The Japan Neurotrauma Data Bank(JNTDB)was established in 1996, and has conducted 2-year studies to register patients presenting with serious neurological status as Glasgow Coma Scale 8 or less on admission three times in 1998, 2004, 2009, and ever since. Data for over 200 items were obtained from each patients. The total number of registered cases is approximately 3,000 to date. A new project consisting of 30 institutes will take off in 2015 under a newly arranged system. Fruitful results have been harvested as follows. We have found 1)a decrease in the number of cases presenting serious neurological status, 2) a decrease in the number of patients having diffuse injury, and 3) an increase in cases where fall/tumble are the causes of injury, instead of a decrease in traffic accident and vice versa. From the aspect of treatment, we have also found a couple of interesting results as 1) intracranial pressure(ICP)monitoring was performed in 30% and 2)any kind of surgery was performed in 50% of cases, and 3)management of body temperature was carried out in 40%. Further, overall mortality decreased but the number of patients showing a vegetative state categorized by Glasgow Outcome Scale increased inversely. The One Week Study(OWS), a cross-sectional nationwide registry of head injury that was also conducted by JNTDB, tried to validate patients’ selection bias regarding the JNTDB Project. Most factors of bias were denied but others such as age and incidence of multiple injuries remained to be considered. The relatively small number of cases registered with the JNTDB and OWS was a disadvantage and analyzing the real world scenario in Japan is an intricate and difficult task. To solve this problem several approaches could be fielded such as participation in the Japan Trauma Data Bank or National Clinical Database and founding an interoperable platform, or utilizing data from the Diagnosis Procedure Combination. A randomized controlled trial performed by JNTDB members themselves may be an alternative way to shape the future of research in neurotrauma in our country. © 2014, Japanese Congress of Neurological Surgeons. All rights reserved.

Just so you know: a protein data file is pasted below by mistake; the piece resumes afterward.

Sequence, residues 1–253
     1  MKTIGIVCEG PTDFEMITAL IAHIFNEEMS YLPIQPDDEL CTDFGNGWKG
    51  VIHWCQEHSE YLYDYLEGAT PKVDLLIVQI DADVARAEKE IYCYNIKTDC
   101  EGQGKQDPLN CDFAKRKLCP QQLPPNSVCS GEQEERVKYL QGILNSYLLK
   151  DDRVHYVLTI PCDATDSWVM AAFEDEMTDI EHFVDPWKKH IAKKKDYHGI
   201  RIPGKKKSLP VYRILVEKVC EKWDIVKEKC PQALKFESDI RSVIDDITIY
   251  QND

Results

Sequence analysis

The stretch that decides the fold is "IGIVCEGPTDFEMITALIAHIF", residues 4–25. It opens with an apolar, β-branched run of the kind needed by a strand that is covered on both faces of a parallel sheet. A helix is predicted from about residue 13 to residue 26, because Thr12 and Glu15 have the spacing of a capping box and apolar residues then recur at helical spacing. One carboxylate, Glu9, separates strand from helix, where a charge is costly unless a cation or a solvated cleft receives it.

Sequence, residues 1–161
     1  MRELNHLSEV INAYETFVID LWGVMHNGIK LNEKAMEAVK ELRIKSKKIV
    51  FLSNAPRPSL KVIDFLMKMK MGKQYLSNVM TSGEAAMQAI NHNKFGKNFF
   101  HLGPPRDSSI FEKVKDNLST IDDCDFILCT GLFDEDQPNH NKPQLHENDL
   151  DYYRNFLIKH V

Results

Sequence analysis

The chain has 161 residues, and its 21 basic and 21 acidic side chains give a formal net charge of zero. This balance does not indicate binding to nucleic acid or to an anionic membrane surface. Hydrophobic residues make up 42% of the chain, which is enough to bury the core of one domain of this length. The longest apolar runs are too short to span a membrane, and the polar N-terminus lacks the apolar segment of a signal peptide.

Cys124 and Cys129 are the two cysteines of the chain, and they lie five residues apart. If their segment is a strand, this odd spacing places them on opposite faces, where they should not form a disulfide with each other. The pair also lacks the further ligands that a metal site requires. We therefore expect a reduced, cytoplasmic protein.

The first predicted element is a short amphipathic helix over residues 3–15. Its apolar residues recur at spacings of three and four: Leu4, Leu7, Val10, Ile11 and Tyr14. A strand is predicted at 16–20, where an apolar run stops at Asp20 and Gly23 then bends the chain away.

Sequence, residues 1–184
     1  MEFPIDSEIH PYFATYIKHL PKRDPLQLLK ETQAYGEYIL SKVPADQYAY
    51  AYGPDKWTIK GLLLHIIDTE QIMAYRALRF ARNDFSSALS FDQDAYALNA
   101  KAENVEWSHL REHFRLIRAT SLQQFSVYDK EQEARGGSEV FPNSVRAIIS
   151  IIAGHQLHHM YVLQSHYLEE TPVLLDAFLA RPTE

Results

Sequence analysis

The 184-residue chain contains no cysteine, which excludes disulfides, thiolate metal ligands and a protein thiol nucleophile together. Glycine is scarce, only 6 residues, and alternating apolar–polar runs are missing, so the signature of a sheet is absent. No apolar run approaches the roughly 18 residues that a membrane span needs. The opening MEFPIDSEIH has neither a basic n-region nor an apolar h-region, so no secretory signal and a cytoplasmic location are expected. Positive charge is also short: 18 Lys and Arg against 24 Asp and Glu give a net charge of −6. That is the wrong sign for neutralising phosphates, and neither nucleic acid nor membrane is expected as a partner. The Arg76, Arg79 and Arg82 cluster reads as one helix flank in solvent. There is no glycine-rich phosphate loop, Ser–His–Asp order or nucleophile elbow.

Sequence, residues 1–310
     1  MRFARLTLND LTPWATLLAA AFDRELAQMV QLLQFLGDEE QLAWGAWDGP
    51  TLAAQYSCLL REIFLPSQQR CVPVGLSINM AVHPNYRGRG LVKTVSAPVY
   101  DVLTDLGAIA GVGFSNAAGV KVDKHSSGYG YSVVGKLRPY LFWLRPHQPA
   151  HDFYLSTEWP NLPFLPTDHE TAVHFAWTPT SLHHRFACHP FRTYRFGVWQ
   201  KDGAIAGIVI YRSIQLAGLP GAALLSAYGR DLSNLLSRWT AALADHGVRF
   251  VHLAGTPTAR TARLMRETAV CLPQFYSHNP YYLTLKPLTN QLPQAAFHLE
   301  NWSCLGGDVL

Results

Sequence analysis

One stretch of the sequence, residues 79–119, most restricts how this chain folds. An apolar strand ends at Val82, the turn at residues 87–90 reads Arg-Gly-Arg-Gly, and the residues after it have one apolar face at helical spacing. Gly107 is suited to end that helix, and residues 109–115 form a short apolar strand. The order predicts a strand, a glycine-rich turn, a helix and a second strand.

Kotani K.,Hamamatsu University School of Medicine | Tashiro J.,Chiba Cerebral and Cardiovascular Center | Yamazaki K.,Chiba Cerebral and Cardiovascular Center | Nakamura Y.,Chiba Cerebral and Cardiovascular Center | And 5 more authors.